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Australian DC-2 Is a Former Military Transport Too

1-MEL_3446Photo and Story by Dion Makowski

A30-11
C/N 1286
Douglas DC-2-112
22 November 2015, Albury Airport, NSW

Douglas aircraft C/N 1286 was completed as a DC-2-211 in October, 1934 and registered to Eastern Airlines as NC13736. It was equipped with a pair of Wright GR-1820-F.2B Cyclone 9-cylinder radial engines each of 740bhp (brake horsepower) @1950RPM. After being phased out by Eastern, it was purchased by the Australian Government via the British Purchasing Commission and received on November 18, 1940 at Australian National Airways (ANA) for (re-)assembly. In March 1941, the aircraft was brought on Royal Australian Air Force (RAAF) charge as A30-11. It was allotted the military call sign VHCRE and at one point was named Maaleesh. The DC-2 was utilized for transportation duties, notably during July 1942, when it carried a disassembled radar unit intended for Melville Island on several flights between Bankstown and Batchelor, Northern Territory (NT).

Later it was allotted to “B” Flight, at Richmond, New South Wales (NSW), with the Parachute Training Unit (PTU). In November, 1944, the aircraft was sent to ANA’s facility at Essendon, Victoria (VIC), to be stripped of camouflage and made ready for civilian use. In September, 1946, it was offered for tender at Parafield, South Australia (SA). The airframe was stored at the Care & Maintenance Unit found at Port Pirie, SA.

A new beginning occurred in October, 1946 when C/N 1286 was sold to Sid Marshall for 52 Pounds, for spares. Marshall intended to use DC-2s with Marshall Airways. The airframe was moved to and stored at Bankstown, NSW until it changed owners… to the Albury West (NSW) Rotary Club, which subsequently preserved it on concrete poles with its undercarriage down, as “PH-AJU Uiver” (race no.44). These markings were of a famous DC-2 which placed second and took handicap honours in the 1934 MacRobertson International Air Races – also known as the Centenary Air Race [between RAF Mildenhall, England and Melbourne, Australia – ed.].

These markings commemorated the night during the air race when the original Uiver encountered a storm in Northern Victoria and was saved by the people of Albury. Encouraged by a local radio station to drive to the Albury Racecourse (located near the present day airport) and using their headlights to mark a landing site, residents guided the plane to a safe landing, assisted by municipal authorities who arranged to switch the city’s lights on and off using Morse code to indicate they were at the right town. With minimum crew and no passengers, the DC-2 took off to complete the flight to the finish line at the Flemington Racecourse, on October 24, 1934.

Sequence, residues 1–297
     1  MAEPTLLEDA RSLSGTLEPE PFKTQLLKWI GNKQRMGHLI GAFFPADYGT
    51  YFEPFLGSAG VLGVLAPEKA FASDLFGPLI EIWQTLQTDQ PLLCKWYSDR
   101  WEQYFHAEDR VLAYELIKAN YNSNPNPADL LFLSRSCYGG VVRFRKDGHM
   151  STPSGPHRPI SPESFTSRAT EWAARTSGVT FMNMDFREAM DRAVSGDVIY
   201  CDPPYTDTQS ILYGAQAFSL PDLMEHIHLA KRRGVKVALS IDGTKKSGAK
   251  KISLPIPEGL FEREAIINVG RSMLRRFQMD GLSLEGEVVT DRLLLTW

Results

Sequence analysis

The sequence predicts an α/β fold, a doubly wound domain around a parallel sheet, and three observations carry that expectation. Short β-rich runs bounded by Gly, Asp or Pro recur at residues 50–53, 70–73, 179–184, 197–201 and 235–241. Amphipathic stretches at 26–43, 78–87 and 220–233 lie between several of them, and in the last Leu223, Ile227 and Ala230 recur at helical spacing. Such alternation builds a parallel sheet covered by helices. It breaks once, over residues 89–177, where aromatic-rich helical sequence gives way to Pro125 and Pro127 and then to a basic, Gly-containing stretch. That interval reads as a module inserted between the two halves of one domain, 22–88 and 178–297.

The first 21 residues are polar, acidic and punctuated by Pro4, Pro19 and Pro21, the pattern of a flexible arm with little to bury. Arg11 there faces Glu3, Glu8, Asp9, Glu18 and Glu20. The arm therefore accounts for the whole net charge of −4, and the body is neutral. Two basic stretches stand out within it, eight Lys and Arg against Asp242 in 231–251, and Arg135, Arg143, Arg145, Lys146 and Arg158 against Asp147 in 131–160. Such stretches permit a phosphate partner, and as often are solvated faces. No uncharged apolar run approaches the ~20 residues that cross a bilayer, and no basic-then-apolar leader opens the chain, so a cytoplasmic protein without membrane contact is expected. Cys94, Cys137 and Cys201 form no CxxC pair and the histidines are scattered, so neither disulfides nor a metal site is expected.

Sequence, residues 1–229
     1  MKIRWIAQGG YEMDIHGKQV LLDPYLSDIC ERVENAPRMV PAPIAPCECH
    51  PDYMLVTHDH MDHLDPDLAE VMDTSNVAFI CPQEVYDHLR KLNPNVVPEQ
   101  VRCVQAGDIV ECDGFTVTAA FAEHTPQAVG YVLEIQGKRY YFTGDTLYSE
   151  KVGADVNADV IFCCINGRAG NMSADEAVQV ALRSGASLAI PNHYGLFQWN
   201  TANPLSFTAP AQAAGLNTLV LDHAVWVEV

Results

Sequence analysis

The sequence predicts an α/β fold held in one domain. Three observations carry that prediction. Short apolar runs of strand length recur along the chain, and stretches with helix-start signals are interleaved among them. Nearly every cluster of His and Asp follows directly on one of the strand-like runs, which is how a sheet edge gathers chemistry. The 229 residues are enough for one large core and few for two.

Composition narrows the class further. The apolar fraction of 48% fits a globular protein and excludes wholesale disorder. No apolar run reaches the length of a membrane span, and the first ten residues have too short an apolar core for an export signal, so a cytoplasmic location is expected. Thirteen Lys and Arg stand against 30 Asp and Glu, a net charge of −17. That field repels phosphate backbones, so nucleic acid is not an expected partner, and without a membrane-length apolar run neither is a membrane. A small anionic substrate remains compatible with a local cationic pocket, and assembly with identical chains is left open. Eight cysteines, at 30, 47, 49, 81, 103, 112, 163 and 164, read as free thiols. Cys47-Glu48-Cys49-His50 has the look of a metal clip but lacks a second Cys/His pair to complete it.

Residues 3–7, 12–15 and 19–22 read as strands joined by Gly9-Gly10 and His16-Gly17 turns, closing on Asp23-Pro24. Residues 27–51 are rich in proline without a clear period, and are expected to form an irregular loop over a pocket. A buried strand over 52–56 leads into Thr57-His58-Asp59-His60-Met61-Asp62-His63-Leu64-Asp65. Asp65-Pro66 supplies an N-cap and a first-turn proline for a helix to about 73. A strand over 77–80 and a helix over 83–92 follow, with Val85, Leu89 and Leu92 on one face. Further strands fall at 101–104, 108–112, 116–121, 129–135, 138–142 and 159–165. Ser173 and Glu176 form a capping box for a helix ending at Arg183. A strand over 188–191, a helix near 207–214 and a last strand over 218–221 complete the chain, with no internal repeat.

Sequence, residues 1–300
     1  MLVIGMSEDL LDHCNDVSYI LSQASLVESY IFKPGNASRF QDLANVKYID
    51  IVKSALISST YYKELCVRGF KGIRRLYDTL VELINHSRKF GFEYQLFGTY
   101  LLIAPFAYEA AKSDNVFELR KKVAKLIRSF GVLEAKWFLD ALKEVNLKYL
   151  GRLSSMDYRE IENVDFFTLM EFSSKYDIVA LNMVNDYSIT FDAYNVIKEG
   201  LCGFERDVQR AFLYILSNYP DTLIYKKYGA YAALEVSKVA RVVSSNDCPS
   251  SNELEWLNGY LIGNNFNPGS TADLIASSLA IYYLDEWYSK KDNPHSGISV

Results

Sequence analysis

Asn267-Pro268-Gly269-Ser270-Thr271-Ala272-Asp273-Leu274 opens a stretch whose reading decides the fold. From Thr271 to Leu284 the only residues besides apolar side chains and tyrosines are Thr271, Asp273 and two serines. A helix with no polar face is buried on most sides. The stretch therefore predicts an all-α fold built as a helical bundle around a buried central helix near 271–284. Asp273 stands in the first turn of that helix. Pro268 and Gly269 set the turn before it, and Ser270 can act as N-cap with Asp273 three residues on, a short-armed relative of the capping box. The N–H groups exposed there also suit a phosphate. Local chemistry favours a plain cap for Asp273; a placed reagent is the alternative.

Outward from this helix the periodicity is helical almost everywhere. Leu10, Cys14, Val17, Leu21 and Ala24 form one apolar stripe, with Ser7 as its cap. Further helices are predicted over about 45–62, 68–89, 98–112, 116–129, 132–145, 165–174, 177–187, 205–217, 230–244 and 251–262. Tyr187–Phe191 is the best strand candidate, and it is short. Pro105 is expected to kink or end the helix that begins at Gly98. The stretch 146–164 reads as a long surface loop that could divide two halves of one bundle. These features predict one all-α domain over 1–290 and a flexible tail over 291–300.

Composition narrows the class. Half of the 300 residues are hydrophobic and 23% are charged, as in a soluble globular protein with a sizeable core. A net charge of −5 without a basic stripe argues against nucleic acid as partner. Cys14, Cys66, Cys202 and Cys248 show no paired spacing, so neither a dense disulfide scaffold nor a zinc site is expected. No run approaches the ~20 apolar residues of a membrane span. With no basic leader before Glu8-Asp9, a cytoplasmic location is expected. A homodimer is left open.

The race is considered a watershed flight in Australian/British aviation history as it successfully demonstrated the superiority of contemporary American airliner design. Restoration by the Rotary Club was reported as costing $6000. The memorial was dedicated on March 2, 1980.

The DC-2 has now been removed from its place outside the airport and will be restored to feature in a new permanent, undercover display at Albury Airport.

Research by Aviation Report

Dover AFB’s Air Mobility Command Museum

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According to the Air Mobility Command Museum’s web site, Dover AFB has an interesting and varied history. From an Army base that, in part, hosted experimental rocket research in the 1940s, to a fighter base during the 1950s through the 70’s, to the current Air Mobility Command duties, the base has risen in importance due to its mid-Atlantic location. Today, it is home to the 436th Airlift Wing, and the Air Force Reserve’s 512th Airlift Wing. Base facilities include what is known as the “Super Port”, where cargo from around the world is collected and shipped. The Wings operate the C-5 Galaxy and C-17 Globemaster III, but the base sees all sorts of airlifters operating from its runways.